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A Phone Call to Freedom

The voice on the phone was heavy with sadness, shame and a little fright. Jarod never thought this could happen to him. He’s a man, after all, and men aren’t victims of domestic violence. They’re just weak.

No one he works with would guess what’s happening at home. The tantrums she throws when she wants something they can’t afford or when he disagrees with her about anything. Slamming doors, breaking furniture and tonight, throwing his car keys into the lake. Once she destroyed all his shoes. Then last week, she withdrew most of their money and took off to Louisiana with a friend for the weekend, leaving him at home with no car, little money and too much shame to call and tell anyone what was going on.

He has to leave before the thoughts of suicide get the best of him. But, where would he go? He hasn’t shared his situation with anyone and he can’t bear the humiliation of calling his family. He’s heard about the local women’s shelter, but what about battered men? Out of options, he picks up the phone and dials the local crisis hotline, hoping to find help.

His call is directed to Kris, our case manager for non-residential victims, who listens and asks intentional questions about his current safety. Once satisfied he’s not in danger, she helps him create a safety plan and an exit plan. Within hours, Jarod is safe in an undisclosed location in town and has decided to confide in a trusted co-worker. He will have his car towed so he can have keys made and ask his coworker for a ride to work in the meantime. He will also hide his car for a few days.

Much to Jarod’s surprise, his coworker already suspected there was trouble at home, and agrees to give him a ride to work. Kris gets him a new cell phone and refers him to a counselor. Over the next few weeks, Jarod begins the process of putting his life back together. All it took was one phone call and a caring, informed person on the other end who was willing to listen and help.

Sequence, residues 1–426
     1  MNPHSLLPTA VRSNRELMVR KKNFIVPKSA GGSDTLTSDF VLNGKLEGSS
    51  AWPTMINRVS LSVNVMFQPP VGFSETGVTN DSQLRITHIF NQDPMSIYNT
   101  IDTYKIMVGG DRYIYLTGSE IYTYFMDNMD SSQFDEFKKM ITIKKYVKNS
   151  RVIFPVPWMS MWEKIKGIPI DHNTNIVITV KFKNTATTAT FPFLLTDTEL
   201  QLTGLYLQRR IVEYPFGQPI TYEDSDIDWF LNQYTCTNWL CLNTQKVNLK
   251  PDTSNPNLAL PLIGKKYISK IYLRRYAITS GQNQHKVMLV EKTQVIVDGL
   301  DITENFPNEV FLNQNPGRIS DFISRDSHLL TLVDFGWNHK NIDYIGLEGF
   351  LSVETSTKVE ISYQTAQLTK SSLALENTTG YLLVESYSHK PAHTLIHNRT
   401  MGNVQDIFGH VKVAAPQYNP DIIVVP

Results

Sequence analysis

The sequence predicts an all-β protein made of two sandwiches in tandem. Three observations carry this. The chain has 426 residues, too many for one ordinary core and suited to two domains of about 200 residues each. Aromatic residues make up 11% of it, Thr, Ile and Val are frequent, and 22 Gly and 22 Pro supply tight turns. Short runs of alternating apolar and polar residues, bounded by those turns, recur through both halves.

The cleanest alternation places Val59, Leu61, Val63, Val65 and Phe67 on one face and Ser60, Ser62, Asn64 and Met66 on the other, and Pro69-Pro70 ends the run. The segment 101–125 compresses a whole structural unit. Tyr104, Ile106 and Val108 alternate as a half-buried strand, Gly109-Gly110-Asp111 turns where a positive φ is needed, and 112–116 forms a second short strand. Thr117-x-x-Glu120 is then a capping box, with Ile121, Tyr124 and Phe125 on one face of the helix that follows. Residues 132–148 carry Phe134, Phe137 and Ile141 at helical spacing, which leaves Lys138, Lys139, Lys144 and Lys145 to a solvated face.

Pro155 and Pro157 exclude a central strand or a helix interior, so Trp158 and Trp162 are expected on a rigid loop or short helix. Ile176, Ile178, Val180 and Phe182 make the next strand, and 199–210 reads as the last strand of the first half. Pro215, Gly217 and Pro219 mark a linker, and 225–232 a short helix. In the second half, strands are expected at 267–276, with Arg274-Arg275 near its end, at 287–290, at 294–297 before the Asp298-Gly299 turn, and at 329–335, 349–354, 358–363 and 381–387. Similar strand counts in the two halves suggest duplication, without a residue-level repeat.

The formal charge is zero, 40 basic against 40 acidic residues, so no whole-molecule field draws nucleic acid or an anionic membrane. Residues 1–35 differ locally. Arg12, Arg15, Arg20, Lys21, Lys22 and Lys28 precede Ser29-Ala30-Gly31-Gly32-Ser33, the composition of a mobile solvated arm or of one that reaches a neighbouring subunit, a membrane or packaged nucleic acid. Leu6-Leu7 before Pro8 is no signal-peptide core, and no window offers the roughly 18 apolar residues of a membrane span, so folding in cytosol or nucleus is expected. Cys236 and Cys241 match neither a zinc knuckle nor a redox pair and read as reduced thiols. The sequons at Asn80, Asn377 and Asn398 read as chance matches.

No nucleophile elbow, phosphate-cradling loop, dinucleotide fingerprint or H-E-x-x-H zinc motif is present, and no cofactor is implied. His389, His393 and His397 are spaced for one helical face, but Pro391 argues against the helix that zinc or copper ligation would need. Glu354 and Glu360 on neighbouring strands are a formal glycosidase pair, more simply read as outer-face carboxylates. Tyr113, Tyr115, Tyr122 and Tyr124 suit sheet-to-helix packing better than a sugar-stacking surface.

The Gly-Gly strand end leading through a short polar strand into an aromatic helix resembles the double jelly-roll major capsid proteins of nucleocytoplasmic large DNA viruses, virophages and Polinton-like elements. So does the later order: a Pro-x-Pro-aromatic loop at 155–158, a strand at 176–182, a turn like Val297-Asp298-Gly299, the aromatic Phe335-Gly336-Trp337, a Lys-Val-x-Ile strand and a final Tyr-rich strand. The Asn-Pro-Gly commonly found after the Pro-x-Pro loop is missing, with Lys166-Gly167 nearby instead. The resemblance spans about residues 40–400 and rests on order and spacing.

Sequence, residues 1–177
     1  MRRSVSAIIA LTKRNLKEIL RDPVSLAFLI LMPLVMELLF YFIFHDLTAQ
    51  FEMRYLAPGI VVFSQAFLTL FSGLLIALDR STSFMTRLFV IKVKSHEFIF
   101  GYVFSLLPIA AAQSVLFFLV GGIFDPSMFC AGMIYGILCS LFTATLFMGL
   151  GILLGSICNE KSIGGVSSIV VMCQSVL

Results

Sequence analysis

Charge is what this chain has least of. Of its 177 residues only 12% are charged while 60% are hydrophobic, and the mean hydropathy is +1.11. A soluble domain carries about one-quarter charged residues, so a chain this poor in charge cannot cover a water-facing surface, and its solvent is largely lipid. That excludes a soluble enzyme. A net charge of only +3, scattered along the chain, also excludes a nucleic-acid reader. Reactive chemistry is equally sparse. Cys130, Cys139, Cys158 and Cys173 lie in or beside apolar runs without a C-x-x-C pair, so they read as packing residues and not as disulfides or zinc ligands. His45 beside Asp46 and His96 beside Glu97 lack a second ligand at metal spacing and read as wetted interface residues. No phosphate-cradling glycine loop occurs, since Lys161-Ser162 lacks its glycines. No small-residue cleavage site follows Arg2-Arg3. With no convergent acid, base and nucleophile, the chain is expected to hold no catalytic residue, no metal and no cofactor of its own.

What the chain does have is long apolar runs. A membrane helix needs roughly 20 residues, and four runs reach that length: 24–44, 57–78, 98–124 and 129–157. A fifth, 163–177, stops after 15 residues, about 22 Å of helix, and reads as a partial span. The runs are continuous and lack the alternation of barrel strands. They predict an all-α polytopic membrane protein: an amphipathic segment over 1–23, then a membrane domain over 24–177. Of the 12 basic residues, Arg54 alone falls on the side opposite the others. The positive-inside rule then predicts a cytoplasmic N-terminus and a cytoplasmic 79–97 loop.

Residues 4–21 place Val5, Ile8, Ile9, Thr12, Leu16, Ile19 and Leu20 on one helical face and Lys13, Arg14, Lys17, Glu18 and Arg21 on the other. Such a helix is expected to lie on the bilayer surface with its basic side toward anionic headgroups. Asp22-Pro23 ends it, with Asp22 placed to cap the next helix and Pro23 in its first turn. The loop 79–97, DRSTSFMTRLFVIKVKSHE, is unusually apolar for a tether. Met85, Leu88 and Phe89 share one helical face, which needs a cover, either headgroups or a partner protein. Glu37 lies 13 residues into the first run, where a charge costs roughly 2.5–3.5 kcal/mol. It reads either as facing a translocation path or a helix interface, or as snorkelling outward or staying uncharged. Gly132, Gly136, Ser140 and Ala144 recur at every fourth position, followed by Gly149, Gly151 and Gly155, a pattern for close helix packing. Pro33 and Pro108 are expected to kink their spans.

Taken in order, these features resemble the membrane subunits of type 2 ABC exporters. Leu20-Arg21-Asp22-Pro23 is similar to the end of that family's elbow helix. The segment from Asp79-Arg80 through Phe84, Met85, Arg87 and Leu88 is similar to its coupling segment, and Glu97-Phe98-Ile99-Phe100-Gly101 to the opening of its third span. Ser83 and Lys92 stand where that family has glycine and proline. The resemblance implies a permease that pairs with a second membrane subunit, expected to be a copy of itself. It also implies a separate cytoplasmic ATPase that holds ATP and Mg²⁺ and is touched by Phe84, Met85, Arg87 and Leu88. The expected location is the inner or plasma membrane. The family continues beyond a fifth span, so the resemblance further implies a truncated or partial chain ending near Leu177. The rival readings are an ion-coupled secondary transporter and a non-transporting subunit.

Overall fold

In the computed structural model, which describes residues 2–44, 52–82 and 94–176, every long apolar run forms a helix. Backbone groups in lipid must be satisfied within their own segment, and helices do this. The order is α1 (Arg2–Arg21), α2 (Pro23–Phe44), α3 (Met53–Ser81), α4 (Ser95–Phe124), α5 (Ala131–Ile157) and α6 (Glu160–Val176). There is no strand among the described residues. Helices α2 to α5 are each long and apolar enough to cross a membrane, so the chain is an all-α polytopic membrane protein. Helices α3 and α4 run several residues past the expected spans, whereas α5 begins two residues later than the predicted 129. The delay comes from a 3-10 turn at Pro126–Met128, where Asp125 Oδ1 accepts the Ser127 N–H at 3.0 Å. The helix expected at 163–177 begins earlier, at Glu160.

We rarely think of men as victims of domestic violence, but it does happen and probably more often than you think. National statistics report 1 in 3 women (35.6 %) and more than 1 in 4 men (28.5%) in the U.S. have experienced rape, physical violence, and/or stalking by an intimate partner in their lifetime. While most counties have shelters for women and children, there is only one shelter in the entire state of Texas for men who are victims of domestic violence. And for every male who reports domestic violence, there are literally thousands that go unreported.

Mission Granbury’s crisis hotline gets hundreds of calls every month, but only a small percentage are looking to enter our shelter. Some, like Jarod, are males who don’t know where else to turn while others are females, not quite ready to enter a shelter. Their situations are bad, sometimes dire, but they can’t leave because of children, pets, financial circumstance, or a dozen other reasons they’re clinging to. When they call, we still respond by assisting with safety plans and emergency exit resources so they will be ready when the time comes. But more than that, we listen to them and their stories and help them see through the fog of fear and shame. Jarod almost didn’t pick up the phone but thank goodness he did. It was his phone call to freedom and a new life.

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